To demonstrate potential water savings through irrigation scheduling using the WISE system, Gleason (2013) compared actual (farmer-managed) gross irrigation amounts in 2011 for the above-mentioned corn field with hypothetical gross irrigation amounts that would result from scheduling irrigations based on Dc estimated by the WISE system. Precipitation in late May and the first half of June allowed the farmer to delay irrigations until 24 June 2011. Afterwards the center pivot ran on a fixed schedule, applying 13 to 17 mm of gross irrigation every 2 days. The center pivot was turned off for only 1 irrigation cycle in mid-July when significant rainfall occurred (15 mm on 11-13 July 2011). Gross irrigations were increased to 19 mm every 2 days beginning 28 July 2011 (reproductive growth phase) until 5 September 2011. An irrigation cycle was skipped only when significant rainfall occurred (28 mm on 2-4 August 2011) or was forecasted.
|Site – Year||Number of Measurements||Root Mean Square Error (mm)||Mean Bias Error (mm)||Mean Absolute Error (mm)||Relative Error (%)|
In contrast, hypothetical irrigations were applied only when the calculated Dc approached MAD, taking into consideration the system capacity of the center pivot. Calculated water balance components were compared during the period 13 June 2011 – 10 October 2011 (Table 3). The actual gross irrigation for the period was 511 mm. In contrast, the recommended (hypothetical) gross irrigation amount was 372 mm using the WISE system for irrigation scheduling. This represented a 27% (139 mm) reduction in gross irrigation – a significant savings in water and electrical energy (energy savings not calculated). The number of irrigation applications was also reduced from 30 down to 20, which would have reduced electricity costs for running the center pivot. Runoff and deep percolation calculated by the WISE system was 146 mm for the season with the actual irrigation amounts while it was reduced to 37 mm (75% reduction) using the WISE system for irrigation scheduling. The reduced water losses could have potentially reduced nutrient and chemical transport from the field – a benefit for water quality (actual water quality not measured). Following the recommended irrigations from the WISE system would have stored more water in the profile (∆S = 42 mm; 250% increase) compared to actual irrigations (∆S = 12 mm).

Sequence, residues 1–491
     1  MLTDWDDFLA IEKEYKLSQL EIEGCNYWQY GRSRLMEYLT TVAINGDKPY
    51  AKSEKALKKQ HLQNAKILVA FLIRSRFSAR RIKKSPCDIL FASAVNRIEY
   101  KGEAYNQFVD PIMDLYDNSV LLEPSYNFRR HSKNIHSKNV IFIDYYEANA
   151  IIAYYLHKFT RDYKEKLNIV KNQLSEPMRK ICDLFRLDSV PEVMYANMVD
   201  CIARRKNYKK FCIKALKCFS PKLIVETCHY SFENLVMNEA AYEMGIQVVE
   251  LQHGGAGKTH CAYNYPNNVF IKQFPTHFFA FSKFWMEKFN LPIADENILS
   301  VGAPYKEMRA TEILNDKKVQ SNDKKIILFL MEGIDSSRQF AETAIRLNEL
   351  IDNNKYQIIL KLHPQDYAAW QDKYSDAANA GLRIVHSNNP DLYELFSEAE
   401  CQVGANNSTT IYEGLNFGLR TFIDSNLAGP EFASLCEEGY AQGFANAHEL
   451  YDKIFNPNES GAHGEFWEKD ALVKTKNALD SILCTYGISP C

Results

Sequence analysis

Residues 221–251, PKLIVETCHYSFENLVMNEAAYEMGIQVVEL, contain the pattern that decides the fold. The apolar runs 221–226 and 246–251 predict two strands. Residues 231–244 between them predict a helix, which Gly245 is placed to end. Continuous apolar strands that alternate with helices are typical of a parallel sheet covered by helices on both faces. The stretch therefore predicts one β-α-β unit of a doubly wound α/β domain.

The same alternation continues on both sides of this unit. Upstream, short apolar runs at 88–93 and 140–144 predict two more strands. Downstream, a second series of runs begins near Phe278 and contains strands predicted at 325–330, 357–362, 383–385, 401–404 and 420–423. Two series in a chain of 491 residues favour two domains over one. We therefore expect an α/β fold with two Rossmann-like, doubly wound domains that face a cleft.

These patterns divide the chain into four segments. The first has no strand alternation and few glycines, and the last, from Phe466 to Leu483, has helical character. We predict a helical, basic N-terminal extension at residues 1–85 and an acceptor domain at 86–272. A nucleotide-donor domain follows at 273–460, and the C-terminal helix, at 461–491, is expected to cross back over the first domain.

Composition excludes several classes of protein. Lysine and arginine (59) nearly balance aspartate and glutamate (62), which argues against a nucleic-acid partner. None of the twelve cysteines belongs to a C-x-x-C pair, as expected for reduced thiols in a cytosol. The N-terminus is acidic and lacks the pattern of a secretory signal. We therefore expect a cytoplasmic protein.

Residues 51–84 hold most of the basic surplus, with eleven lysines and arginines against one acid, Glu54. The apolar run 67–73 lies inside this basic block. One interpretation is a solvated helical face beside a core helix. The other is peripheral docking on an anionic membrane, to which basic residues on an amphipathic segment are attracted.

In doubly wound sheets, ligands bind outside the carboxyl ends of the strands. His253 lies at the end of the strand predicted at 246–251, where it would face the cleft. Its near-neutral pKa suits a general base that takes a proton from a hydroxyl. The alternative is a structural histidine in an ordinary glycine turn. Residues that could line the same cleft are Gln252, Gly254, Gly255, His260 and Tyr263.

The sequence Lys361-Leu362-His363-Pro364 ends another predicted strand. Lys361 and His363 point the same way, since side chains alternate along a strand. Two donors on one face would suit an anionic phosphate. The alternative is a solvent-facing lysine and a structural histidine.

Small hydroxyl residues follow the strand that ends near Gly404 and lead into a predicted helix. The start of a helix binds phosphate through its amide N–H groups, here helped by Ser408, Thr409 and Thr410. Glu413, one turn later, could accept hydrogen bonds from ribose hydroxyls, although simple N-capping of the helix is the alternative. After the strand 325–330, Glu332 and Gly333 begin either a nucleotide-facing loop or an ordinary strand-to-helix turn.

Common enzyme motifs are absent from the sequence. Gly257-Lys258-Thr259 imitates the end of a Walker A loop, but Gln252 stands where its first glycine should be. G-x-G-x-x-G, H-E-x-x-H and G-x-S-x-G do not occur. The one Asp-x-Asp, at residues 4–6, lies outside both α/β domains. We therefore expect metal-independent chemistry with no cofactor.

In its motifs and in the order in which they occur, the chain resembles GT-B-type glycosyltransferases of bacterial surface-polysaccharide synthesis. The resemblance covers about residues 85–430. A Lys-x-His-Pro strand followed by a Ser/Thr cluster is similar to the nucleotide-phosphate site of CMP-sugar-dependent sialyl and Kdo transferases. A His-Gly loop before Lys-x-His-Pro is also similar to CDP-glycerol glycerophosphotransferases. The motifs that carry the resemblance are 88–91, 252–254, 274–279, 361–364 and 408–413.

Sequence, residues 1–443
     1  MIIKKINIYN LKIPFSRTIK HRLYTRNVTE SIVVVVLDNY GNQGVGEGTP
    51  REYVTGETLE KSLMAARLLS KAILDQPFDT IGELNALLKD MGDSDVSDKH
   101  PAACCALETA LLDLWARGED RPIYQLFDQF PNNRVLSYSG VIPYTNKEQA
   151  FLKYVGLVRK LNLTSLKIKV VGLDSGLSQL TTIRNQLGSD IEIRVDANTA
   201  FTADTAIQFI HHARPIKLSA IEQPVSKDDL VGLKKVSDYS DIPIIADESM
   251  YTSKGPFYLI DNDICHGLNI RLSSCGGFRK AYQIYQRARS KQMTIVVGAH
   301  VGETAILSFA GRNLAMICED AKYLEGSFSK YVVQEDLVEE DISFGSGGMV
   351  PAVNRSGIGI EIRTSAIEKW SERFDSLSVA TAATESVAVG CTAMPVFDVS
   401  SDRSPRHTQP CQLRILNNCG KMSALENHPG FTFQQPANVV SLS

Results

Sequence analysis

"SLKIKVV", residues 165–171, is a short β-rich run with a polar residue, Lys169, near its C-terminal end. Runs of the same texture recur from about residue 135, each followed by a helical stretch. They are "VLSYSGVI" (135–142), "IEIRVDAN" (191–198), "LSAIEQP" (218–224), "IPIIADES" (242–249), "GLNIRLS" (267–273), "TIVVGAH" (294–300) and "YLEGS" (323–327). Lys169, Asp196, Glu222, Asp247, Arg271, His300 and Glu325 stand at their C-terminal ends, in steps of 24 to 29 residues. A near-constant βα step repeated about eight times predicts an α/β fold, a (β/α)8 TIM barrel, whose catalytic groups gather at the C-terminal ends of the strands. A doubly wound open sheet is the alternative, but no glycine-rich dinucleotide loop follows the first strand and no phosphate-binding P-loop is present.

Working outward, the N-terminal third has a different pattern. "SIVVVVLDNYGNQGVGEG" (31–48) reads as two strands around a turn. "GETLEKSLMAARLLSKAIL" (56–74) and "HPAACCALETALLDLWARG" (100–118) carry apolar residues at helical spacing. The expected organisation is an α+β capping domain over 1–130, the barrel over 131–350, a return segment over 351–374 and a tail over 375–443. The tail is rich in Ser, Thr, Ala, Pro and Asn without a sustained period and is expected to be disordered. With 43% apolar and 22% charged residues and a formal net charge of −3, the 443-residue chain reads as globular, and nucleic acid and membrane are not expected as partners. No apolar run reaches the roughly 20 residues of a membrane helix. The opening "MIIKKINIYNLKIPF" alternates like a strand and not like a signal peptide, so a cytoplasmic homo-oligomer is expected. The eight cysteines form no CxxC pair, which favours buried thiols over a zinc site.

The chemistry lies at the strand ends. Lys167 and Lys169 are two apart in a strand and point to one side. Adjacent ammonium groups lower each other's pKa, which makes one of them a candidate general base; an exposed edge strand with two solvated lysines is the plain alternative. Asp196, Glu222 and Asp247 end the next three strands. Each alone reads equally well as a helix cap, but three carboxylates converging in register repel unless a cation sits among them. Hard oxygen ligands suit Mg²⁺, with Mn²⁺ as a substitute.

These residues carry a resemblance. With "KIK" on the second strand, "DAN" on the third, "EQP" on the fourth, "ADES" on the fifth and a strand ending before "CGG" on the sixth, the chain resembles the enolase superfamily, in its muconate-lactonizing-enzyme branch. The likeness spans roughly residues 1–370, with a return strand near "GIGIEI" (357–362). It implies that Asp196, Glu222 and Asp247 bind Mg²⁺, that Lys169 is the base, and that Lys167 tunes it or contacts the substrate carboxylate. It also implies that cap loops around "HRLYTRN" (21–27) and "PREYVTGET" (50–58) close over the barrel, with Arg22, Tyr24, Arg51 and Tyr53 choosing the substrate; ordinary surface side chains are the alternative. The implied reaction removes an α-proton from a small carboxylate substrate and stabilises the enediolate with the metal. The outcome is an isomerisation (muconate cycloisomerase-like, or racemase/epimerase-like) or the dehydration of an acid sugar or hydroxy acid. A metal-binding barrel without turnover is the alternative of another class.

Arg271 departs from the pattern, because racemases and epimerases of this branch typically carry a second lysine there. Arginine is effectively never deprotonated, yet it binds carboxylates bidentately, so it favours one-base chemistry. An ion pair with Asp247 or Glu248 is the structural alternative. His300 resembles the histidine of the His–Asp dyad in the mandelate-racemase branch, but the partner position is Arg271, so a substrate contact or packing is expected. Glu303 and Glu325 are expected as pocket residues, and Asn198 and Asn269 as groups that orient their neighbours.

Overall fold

|Water balance component||With actual irrigations (mm)||With recommended irrigations (mm)|
|Gross Irr (mm)||511||372|
|DP + SRO (mm)||146||37|
|Change in soil water storage in managed root zone (mm)||12||42|
For the above comparison, corn grain yield would not have been reduced if recommended irrigations were applied because there was no reduction in ETc (Table 3). Corn grain yield has a linear response to cumulative ETc (Tolk et al., 1998), so the same ETc would result in the same yield. This study showed that for the 13 June 2011 – 10 October 2011 period, the corn crop was over-irrigated by approximately 139 mm.
Figure 2 shows an example graphical output of the WISE system for a sugar beet field in 2013. In contrast to Fig. 1, which shows soil water status in terms of water deficits, Fig. 2 shows soil water status in terms of plant-available water (PAW) in the root zone. The WISE system has the capability of presenting soil water status in either mode, depending on the preference of the user. Daily estimated PAW is shown relative to available water capacity (AWC) and management allowed depletion (MAD). Net irrigation, effective rainfall, and deep percolation (DP) (if any) are also shown on the graph. As a criterion for irrigation scheduling, the PAW is ideally kept in the region between AWC and MAD when deciding irrigation amount and timing. A second growing season is still needed to fully evaluate the effectiveness of the WISE system for scheduling irrigations for sugar beets.
More details about the WISE system, including factors that affect its accuracy, are given by Andales et al. (2014).
Allen, R.G., J.L. Wright, W.O. Pruitt, L.S. Pereira, and M.E. Jensen. 2007. Water requirements. Chap. 8. In: G.J. Hoffman et al., editors, Design and Operation of Farm Irrigation Systems, 2nd ed. Am. Soc. of Agr. and Biol. Engrs, St. Joseph, MI, p. 208-288.
Andales, A.A., Bauder, T.A., and Arabi, M. 2014. A Mobile Irrigation Water Management System Using a Collaborative GIS and Weather Station Networks. In: Practical Applications of Agricultural System Models to Optimize the Use of Limited Water (Ahuja, L.R., Ma, L., Lascano, R.; Eds.), Advances in Agricultural Systems Modeling, Volume 5. ASA-CSSA-SSSA, Madison, Wisconsin, pp. 53-84.
Evett, S., 2008. Gravimetric and Volumetric Direct Measurements of Soil Water Content. In: S.R. Evett, et al., editors, Field Estimation of Soil Water Content: A Practical Guide to Methods, Instrumentation, and Sensor Technology. IAEA-TCS-30, 1018-5518. International Atomic Energy Agency, Vienna, Austria (2008), pp. 23–37 (Chapter 2). (Available online at http://www-pub.iaea.org/mtcd/publications/pdf/tcs-30_web.pdf; verified 29 May 2014).
Gleason, D.J. 2013. Evapotranspiration-based irrigation scheduling tools for use in eastern Colorado. M.S. Thesis. Colorado State University, Fort Collins, CO. 225 pp.
Jensen, M.E., J.L. Wright, and B.J. Pratt. 1971. Estimating soil moisture depletion from climate, crop, and soil data. Trans. ASAE 14:954-959.
Tolk, J.A., T.A. Howell, and S.R. Evett. 1998. Evapotranspiration and yield of corn grown on three high plains soils. Agron. J. 90:447-454.